Computer security is one of the most important issues confronting computer people these days, now that computer housing and computer health insurance have been pretty well dealt with, and in line with that it would be a grand idea to have some idea for how to provide computer security. It's actually a slight curve due to the Coriolis Effect and can be ignored for computers travelling less than two degrees nautical.
The first great project for computer security came in the fall of 1952 when CBS tried forecasting the presidential election using UNIVAC and were worried that its feelings would be hurt if they knew it wasn't going to be shown on television. To compensate for the surely hurt feelings the programmers swaddled UNIVAC in warm blankets, set some hot chocolate and a plate full of strawberry ice cream in front of it, and surrounded it with enough plush dolls of penguins to build an igloo.
When the blaze was brought under control 46 months later everyone agreed they shouldn't have blocked the air vents used to cool the machine, and they predicted that there'd be an election in 1956 almost certainly. This was a lesson for computer security ever since, and these days even the most compromised systems do not get stuffed penguins to make them feel better. They're more fond of puppies. Modern security also relies much more upon people periodically reminding the computer that there is very little chance they will be called on to have an opinion regarding the financial problems of the Phoenix Coyotes or high-technology bricks. And even if they do they can just assert that things will develop, which they do nearly four times out of seven.
One of the crises with computer security is that the computer is under threat from viruses, Trojan horses, and worms, and if you act as if you don't care what the difference between these things are then you're drawing down the petty wrath of an enraged computer-security type who spends all day watching the Internet for signs that a person would have happily gone through all of life without imagining the phrase ``SQL Injection Attack'' and would, if pressed, hypothesize that it involves squirrels being placed in inappropriate locations.
The wrath, delivered in a long, pained lecture which goes ignored after the eighth and eleventh words (``shocking display of ignorance''), would explain that it can be squirrels, chipmunks, groundhogs, or specially trained porcupines, which are the most dreaded sort of attack. Even if the SQL-injected porcupine does nothing to any particular data it may see its shadow, producing six more weeks of weather not quite cold enough to wear a jacket but not warm enough for comfort. Your wrath-writer means well, and will go on happy in his way that you rely on his continuous correction.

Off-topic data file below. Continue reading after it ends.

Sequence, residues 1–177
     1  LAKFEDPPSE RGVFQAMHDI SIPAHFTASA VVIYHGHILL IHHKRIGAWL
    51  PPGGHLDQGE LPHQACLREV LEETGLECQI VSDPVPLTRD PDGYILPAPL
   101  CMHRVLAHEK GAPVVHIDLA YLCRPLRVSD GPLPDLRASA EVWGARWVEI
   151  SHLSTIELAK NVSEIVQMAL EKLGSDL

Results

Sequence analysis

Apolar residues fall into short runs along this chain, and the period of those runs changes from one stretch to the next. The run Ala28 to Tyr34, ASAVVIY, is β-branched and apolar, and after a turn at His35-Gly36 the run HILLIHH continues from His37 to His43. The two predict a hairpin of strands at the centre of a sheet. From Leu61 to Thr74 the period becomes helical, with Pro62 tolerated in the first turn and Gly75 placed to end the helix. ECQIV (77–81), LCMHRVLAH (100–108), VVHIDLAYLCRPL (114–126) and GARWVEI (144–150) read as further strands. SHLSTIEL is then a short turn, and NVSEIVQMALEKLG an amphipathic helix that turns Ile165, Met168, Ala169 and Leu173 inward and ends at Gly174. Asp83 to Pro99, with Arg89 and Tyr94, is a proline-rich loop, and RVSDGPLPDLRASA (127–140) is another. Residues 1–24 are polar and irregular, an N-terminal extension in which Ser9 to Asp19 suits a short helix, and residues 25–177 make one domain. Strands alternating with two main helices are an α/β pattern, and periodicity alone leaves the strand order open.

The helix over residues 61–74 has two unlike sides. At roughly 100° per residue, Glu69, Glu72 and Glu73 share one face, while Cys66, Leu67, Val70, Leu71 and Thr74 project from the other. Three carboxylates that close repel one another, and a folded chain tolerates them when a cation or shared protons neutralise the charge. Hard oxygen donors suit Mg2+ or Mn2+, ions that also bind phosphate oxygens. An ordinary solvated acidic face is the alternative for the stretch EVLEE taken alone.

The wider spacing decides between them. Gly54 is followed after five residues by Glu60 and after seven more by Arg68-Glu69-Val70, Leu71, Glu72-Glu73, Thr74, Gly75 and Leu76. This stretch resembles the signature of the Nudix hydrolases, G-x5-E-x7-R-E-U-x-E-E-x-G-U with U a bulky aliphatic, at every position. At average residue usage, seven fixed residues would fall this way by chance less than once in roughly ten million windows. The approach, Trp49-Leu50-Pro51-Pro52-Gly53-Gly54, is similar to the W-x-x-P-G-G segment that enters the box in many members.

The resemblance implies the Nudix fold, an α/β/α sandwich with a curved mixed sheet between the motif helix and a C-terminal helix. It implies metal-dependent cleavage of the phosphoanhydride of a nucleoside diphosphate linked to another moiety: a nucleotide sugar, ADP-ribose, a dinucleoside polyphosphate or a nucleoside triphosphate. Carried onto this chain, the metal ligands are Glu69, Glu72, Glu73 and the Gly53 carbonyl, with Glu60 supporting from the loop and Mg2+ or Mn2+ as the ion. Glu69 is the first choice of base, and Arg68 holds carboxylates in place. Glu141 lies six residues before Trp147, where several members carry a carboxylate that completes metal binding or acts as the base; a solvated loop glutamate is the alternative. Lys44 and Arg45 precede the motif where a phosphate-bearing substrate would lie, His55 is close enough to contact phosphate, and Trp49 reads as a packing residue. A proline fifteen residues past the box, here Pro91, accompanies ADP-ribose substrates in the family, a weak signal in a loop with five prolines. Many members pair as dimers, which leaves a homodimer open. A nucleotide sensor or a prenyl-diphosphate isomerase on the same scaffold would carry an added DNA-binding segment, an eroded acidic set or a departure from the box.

More, security threats are everywhere. The leading causes of danger to computers include visiting web sites, receiving e-mail, sending e-mail, listening to somebody's snarky comment about there being more gunfire than usual this week in Mary Worth, turning the computer on, plugging it in, unplugging it, sneezing on the computer, letting the computer eat egg salad that's been sitting out for too long, using playground swings, and being given experimental treatments in the hopes of producing a genetically engineered super-computer for an implausible secret government agency in the pilot episode for a swiftly cancelled TV show. There's little to be done about all these hazards. Even if one has carefully left a new-purchased computer in the original wrapping and tucked it at the base of the closet ever since getting it home, who's to say that a playground won't spontaneously pop up while you're asleep? Nobody but the town's zoning commission, and you don't even know anyone on the commission so why would they do you any favors, particularly at that hour?
The best way to keep the computer secure is to leave it unattended out front for several hours and wait for it to be kidnapped. As long as you don't pay the ransom the whole thing is someone else's problem, which is the best we can hope for.
Trivia: The Bureau of Standards and ENIAC/UNIVAC creators J Presper Eckert and John Mauchly signed the contract to build EDVAC II [ Electronic Discrete Variable Calculator ] on 25 September 1946. Source: Eniac, Scott McCartney.
Currently Reading: Off The Map: Tales Of Endurance And Exploration, Fergus Fleming. Wait, everybody's been pronouncing ``Everest'' wrong all this time and I'm only now learning about it? At the age of twelve I would have been absolutely insufferable with that piece of information to work from.